17 - Cities, agriculture and environment – sharing water in and around Hyderabad, South India  pp. 367-379

Cities, agriculture and environment – sharing water in and around Hyderabad, South India

By Daniel Van Rooijen, Alexandra Evans, Jean-Philippe Venot and Pay Drechsel

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Introduction

Rapid urban development and industrial growth puts direct and indirect pressure on freshwater resources in many water-scarce basins. Direct pressure derives from domestic and industrial demands, while indirect pressure relates to an increasing urban food demand. In fully allocated basins, both demands can often only be met by reallocation of water (for example, from irrigated agriculture, which is in most cases the largest water user), and through conscious efforts to reuse urban return flows (Falkenmark and Molden, 2008). Using waste water volumes (which are continuously increasing) can have negative environmental and health effects in cases where a large share of the waste water is returned untreated to surface water bodies; however, this problem can be addressed and the water remains a significant resource that cannot be overlooked. Such water has a natural place along the rural–urban gradient in integrated water resources management (IWRM). When scope for increasing water supply has become exhausted, another response to water demand pressure is water conservation – increasing water use efficiency or introducing water reuse at source.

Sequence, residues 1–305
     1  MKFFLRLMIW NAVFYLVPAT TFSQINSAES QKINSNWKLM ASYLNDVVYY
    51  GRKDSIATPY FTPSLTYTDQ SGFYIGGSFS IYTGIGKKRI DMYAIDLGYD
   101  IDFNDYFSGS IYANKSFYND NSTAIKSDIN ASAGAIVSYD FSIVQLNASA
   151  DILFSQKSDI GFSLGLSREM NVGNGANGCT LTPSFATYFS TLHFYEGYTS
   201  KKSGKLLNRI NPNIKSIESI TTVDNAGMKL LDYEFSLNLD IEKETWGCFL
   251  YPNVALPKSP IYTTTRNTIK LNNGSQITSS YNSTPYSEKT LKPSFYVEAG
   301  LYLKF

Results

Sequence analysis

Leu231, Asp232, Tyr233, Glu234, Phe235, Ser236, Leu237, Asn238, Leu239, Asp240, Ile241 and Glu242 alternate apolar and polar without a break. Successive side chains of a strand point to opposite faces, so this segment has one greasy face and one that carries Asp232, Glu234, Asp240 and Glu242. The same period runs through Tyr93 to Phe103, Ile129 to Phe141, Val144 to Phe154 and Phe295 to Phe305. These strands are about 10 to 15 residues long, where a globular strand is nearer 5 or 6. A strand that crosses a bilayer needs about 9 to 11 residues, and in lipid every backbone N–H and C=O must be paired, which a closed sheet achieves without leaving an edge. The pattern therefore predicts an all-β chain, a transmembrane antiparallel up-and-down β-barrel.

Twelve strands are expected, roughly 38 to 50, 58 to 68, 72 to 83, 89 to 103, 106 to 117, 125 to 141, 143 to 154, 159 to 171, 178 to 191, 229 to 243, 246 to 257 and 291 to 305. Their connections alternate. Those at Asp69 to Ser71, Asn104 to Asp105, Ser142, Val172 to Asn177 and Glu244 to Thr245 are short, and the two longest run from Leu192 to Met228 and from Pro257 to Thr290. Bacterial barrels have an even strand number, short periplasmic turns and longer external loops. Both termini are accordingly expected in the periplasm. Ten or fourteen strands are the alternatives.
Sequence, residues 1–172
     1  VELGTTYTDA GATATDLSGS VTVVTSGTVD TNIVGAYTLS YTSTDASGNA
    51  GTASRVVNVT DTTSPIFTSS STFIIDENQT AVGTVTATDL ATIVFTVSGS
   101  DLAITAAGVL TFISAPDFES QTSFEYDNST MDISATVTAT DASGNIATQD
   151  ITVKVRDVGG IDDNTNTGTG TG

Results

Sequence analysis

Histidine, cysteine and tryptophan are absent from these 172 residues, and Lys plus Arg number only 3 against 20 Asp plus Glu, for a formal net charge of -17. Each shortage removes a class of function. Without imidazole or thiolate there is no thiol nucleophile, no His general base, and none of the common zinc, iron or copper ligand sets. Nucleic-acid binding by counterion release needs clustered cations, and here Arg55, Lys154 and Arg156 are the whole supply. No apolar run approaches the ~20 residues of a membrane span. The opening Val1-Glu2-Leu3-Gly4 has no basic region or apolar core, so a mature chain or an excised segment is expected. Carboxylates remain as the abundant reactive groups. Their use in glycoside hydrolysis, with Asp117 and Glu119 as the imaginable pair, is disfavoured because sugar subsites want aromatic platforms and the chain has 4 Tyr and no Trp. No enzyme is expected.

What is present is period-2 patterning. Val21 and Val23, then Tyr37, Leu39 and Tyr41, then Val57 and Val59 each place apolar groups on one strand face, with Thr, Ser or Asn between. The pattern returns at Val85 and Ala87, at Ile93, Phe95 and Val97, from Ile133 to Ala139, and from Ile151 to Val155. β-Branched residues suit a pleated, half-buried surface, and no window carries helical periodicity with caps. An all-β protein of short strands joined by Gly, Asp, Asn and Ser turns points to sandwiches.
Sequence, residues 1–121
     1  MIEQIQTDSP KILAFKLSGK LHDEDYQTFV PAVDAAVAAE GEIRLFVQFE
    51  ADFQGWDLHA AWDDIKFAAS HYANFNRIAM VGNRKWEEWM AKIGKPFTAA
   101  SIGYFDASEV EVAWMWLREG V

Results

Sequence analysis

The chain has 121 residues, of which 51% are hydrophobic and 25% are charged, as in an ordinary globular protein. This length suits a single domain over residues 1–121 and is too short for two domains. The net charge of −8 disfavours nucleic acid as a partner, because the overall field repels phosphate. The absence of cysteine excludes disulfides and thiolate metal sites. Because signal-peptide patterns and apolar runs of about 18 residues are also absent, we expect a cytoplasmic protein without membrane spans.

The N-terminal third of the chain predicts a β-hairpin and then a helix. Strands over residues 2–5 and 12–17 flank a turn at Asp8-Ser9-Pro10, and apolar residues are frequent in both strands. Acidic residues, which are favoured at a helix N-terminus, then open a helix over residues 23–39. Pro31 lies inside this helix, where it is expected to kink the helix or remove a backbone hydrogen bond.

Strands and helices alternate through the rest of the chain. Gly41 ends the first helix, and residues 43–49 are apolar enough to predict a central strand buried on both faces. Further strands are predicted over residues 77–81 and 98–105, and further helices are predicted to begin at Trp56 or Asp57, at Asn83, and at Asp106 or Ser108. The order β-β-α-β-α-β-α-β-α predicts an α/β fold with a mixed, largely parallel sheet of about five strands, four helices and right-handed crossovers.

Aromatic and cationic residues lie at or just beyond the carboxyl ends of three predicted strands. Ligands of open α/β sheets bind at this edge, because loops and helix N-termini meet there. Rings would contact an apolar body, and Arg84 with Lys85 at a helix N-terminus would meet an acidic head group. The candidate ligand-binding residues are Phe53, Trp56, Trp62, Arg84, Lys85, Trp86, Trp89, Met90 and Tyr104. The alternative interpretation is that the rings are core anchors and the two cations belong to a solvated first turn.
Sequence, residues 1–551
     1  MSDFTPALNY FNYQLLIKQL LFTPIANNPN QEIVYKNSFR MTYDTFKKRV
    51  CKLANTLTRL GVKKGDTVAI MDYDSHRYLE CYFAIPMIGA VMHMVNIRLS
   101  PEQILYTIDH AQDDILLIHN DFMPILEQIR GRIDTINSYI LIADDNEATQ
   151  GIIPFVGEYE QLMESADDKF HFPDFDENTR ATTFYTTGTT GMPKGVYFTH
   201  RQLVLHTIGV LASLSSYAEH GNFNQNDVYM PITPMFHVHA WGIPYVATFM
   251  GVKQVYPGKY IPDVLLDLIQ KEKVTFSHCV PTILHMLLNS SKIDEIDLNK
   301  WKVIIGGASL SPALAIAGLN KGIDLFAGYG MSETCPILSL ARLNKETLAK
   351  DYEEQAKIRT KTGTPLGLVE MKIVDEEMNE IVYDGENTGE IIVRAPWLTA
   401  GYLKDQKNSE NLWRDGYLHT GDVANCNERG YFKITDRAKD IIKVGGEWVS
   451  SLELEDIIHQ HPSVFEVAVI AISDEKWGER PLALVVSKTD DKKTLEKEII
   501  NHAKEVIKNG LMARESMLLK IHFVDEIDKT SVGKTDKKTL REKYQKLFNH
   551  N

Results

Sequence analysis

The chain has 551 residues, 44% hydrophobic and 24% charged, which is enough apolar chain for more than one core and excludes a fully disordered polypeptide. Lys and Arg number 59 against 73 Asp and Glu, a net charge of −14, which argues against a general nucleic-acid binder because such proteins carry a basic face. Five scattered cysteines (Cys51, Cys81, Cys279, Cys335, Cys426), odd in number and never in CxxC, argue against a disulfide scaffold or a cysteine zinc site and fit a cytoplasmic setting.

The speed and extent of any adaptation to water pressure varies between countries and their understanding of IWRM, and depends on the strength of various drivers such as the country's political economy, the technology available, and shock events (Molle, 2003). Taking India as an example, the World Bank expects that demand for water for industrial uses and energy production will grow at an annual rate of 4.2% up to 2025 (World Bank, 1998), even though the projected population growth rate will decline from 1.4% to 0.9% between 2006 and 2025 (GoI, 2006).

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